Archive for March, 2009

Airport security


Seen at East Timor airport. Message (I think): If you’re going to bring your AK47 onboard, just make sure it’s disassembled first ok. You gotta love this place.




In Singapore, we have committees for everything.

Poster boy


So far, I’ve turned down numerous offers to appear in the ‘Before’ picture of weight loss advertisements. Starting today however, my boy will appear on ads in newspapers, bus shelters, nursery rooms and more. Come April, he will also be in Mother & Child Magazine, which I understand is the parenting equivalent of GQ.

Meanwhile, his proud mother is on a mission to photograph every OCBC bus shelter in town.  Me, I’ve been chasing the suits in the office for the media schedule and by the time they actually get down to it, Lukas would have long graduated from university and thinking of buying his first car.

Look out for the campaign. There will be 4 different ads running from now till end June. Oh, and it’s only in Singapore. Can’t do anything about that!

A new worldview

Imagine Christians who are called to be artists rather than preachers. Believers who draw attention to a worldview that is different from that of their contemporaries. Can we actually change the nature of the big debate?

According to Steve Turner, Yes. Not only is it possible, but it is being done. Steve is the author of Imagine: A Vision for Christians in the Arts. The following is an excerpt from an interview by Matt Conner. Full text here.

Matt: What is a worldview? 

Steve: Worldview literally means having a view of the world, and everyone has a worldview. Christians tend to have a Biblically informed view of, for example, prayer but not of economics, leisure, fashion, health, etc. Therefore, their views on everyday matters – that area of life they probably view as “secular” – are just borrowed from the surrounding culture.

If you take an artist like Beyonce, she appears to have a Christian view of Bible reading, church and prayer and yet her performance, rather than challenging the predominant culture, is a reflection of its current demands.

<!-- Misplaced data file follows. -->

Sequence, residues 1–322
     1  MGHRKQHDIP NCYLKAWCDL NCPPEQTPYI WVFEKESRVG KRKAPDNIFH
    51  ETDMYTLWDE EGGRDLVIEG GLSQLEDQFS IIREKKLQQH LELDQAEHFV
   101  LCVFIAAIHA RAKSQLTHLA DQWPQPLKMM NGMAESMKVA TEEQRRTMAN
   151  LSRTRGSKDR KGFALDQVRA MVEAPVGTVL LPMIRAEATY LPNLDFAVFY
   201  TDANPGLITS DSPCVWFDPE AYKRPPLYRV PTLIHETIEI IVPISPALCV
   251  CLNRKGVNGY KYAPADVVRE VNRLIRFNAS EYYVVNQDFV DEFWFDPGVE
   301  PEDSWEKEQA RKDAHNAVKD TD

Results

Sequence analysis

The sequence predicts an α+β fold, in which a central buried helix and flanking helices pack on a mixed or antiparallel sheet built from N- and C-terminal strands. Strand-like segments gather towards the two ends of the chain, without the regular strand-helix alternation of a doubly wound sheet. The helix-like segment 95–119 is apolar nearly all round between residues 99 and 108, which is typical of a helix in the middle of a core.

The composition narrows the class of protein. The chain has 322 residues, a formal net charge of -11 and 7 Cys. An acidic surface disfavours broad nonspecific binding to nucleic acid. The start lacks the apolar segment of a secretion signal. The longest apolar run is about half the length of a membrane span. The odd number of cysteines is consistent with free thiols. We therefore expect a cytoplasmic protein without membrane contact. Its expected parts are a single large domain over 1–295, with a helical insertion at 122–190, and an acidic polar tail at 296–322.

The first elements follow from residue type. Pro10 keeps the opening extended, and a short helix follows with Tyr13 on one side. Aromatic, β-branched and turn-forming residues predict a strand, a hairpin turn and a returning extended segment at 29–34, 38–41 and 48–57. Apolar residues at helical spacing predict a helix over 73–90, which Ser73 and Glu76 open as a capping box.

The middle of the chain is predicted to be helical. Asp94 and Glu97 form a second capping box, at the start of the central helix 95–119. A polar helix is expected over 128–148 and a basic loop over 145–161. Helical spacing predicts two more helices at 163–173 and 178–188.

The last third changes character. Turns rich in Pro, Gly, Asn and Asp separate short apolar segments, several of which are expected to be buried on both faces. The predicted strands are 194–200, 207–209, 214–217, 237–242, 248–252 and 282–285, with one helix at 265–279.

Matt: You write about Christian art. Would you say that it reflects a Biblical view of very few aspects of life?

Steve: Things are a lot better now than they were 30 or 60 years ago. Today, there are so many books that examine different areas of life from a Christian perspective. In my book Imagine I trace this split back to Plato who thought that our aim was to connect to the spiritual world through our spirits and saw our bodies as an impediment to this.

We often reflect this split by thinking that we’re most pleasing to God when we’re praying, witnessing or praising and least close to him when we’re doing something purely physical like running, eating, dancing or love making.

Matt: Can you elaborate on the idea of God being just as interested in those last things you mentioned.

Steve: We have to remember that God made us as humans, not Christians. He created the human race and the environment of the world and was pleased with what he had created. He imagined us enjoying our lives in this space He had created.

The actor playing the athlete Eric Lidell in the film Chariots of Fire is made to say, “When I run, I feel God’s pleasure.” That is a good doctrine of creation. When we do human things in the world God made for us, God gets pleasure. The need to be Christian entered with the fall. We needed to be redeemed. But, far from wiping out God’s orininal intentions, it confirms them. To be Christian is to be on our way to being fully human.

Hank Rookmaaker the Dutch art historian used to say, “Christ didn’t die in order that we could go to more prayer meetings.” People would gasp at this. Then he would add, “Christ died to make us fully human.” That’s right. He didn’t die to make us religious, but to make us human.

In our fallen state, we lack the completeness of our humanity. The monastic tradition makes the mistake of thinking that God is best pleased with us when we cut ourselves off from the world, deny ourselves pleasure, refrain from marriage and devote ourselves totally to religious activities. This almost assumes that God made a mistake in putting us in a world of pleasure, culture, art, nature, work, companionship, etc.

Matt: So what is the responsibility of the Christian artist in light of this?

Steve: Christians have so often ‘used’ an art form simply to put over a ‘message,’ but have had no love for the art form. They haven’t wanted to leave film or the novel in a better state because they were there. But because these things are good and are pleasing to God, we should make sure that we tend and look after them.

The arts help to preserve and invigorate language. They sharpen our vision. They make us notice things. They bring greater understanding between people. We have to respect that.

High calling


At least the colours match.



Just in. The official logo for Sunday Morning. Illustrated by the superbly talented Shieko. There’ll be many variations of this logo, thanks to an idea suggested by Jeff. But for now, this is the face of the new company. Thank you. I really don’t deserve the applause and you may all sit down now.

Quiet Time

Photo taken in East Timor. Language: Tetun.

Photo taken in East Timor. Language: Tetun.

Jesus, when did this world

decide You were

a religion

instead of a person?

Susan Lenzkes © 2008